IL-33 protein expression was increased in gingival epithelial cells both in human and mouse. IL-33 expression in CP in human has recently been described by Malcolm et al. in gingival epithelial cells and our results confirmed this observation [20]. This is of particular interest because differences of IL-33 expression in skin have been reported between species [35]. Notably in human and porcine keratinocytes, IL-33 expression is low but rapidly induced after skin wounding whereas it is the opposite in mice. Here, we evidenced in a murine model of EP induced by the apposition of a Pg-soaked ligature that IL-33 expression was increased in gingival epithelial cells similarly as in human CP. This sustains the reliability of this experimental model to mimic the alveolar bone loss related to periodontitis in human and so, to investigate the potent role of IL-33 in the inflammatory cascade associated to the CP pathogenesis.

We have confirmed that IL-33 expression is increased in human gingiva from CP patients and we have also evidenced this increase in a ligature-induced model of EP. Two major models of EP are described in the literature. The oral gavage model is useful for addressing a wide variety of hypotheses related to periodontal pathogenesis, ranging from the role of the host response to virulence traits of pathogens and to the interconnections of those factors with systemic parameters. The silk ligature model is more relevant to investigate mechanistic and inflammatory aspects of the host immune response to bacterial stimulus and to identify potent therapeutic targets of particular interest in this inflammatory cascade [36]. This experimental model is also the most appropriate as it mimics the start point of periodontitis, a local gingival infection where oral epithelial cells are the first-line defense. Indeed, in our study, the inflammatory process seems strictly localized to the stimulated area because no alveolar bone loss was recorded elsewhere. We didn’t evidence any increase in serum concentration of IL-33 in mice subjected to ligatures impregnated or not with Pg. This hardly suggests that IL-33 is not involved in a systemic inflammatory process but rather in a gingival localized one to possibly trigger alveolar bone loss.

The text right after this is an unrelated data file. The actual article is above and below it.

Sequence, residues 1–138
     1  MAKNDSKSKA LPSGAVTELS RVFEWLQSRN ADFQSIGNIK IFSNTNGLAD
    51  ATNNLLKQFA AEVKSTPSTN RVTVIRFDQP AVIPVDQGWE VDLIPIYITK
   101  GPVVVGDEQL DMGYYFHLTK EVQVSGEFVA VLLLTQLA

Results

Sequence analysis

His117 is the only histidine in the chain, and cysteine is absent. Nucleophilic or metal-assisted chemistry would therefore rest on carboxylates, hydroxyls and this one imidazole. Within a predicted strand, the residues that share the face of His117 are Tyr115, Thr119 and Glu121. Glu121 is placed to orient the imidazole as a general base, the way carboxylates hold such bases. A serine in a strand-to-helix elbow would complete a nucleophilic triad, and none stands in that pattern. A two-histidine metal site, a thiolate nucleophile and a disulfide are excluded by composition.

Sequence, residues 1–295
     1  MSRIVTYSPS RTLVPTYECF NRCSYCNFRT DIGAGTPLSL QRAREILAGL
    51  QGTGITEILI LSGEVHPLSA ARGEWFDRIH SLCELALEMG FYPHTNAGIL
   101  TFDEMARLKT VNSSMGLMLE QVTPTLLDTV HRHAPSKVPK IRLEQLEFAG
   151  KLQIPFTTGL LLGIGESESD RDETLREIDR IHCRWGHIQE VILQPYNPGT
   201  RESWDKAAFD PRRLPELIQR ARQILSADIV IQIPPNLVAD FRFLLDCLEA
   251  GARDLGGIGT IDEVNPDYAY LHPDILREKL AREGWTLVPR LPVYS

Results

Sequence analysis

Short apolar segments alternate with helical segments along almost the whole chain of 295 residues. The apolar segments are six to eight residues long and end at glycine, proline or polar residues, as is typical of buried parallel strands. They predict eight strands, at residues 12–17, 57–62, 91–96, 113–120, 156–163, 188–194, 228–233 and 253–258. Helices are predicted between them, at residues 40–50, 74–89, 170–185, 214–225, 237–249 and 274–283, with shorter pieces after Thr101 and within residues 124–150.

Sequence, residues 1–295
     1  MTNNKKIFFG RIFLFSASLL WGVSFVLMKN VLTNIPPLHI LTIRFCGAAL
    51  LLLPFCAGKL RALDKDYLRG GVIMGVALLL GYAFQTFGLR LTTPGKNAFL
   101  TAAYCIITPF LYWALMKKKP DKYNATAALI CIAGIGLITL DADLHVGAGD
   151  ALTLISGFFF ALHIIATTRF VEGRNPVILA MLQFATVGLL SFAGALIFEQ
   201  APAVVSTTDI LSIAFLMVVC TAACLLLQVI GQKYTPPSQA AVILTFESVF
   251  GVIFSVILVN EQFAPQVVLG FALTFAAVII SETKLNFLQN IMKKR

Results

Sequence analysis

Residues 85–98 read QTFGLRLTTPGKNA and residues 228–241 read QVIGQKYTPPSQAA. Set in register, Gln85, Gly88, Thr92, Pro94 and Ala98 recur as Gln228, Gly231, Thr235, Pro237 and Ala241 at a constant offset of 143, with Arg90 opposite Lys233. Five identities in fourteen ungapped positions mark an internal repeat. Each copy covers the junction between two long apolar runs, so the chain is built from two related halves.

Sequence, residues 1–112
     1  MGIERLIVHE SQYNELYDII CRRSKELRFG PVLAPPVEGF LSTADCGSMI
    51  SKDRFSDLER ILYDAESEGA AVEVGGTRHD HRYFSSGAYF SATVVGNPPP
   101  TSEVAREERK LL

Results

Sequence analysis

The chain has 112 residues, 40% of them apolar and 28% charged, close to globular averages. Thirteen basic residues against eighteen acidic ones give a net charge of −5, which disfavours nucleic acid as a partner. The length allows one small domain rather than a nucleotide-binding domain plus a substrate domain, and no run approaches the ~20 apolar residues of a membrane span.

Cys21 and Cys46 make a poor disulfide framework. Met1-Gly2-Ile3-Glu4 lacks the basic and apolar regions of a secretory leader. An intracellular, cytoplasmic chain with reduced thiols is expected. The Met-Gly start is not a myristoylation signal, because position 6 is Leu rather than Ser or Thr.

The first key factor for the onset of periodontitis is the presence of pathogen species such as Pg. Increased expression of inflammatory cytokines and particularly IL-33 has been previously described in vitro after Pg infection of gingival epithelial cells [24, 31]. We also recorded such increase 24 hours after Pg infection of human epithelial cells. However, as we also recorded an increased IL-33 expression in vivo independently of Pg infection, it is tempting to speculate that the ligature apposition is an inflammatory stimulus sufficient to induce the increase of IL-33 expression in gingival epithelial cells, directly or throughout other pro-inflammatory cytokines such as TNF-α or IFN-γ [35, 37]. Consistently, we have also observed an IL-33 expression in Sham animals subjected to a slight incision suggesting that this mechanical stimulus may trigger the production of IL-33 in gingival epithelial cell and that Pg may be not the major factor needed for IL-33 expression.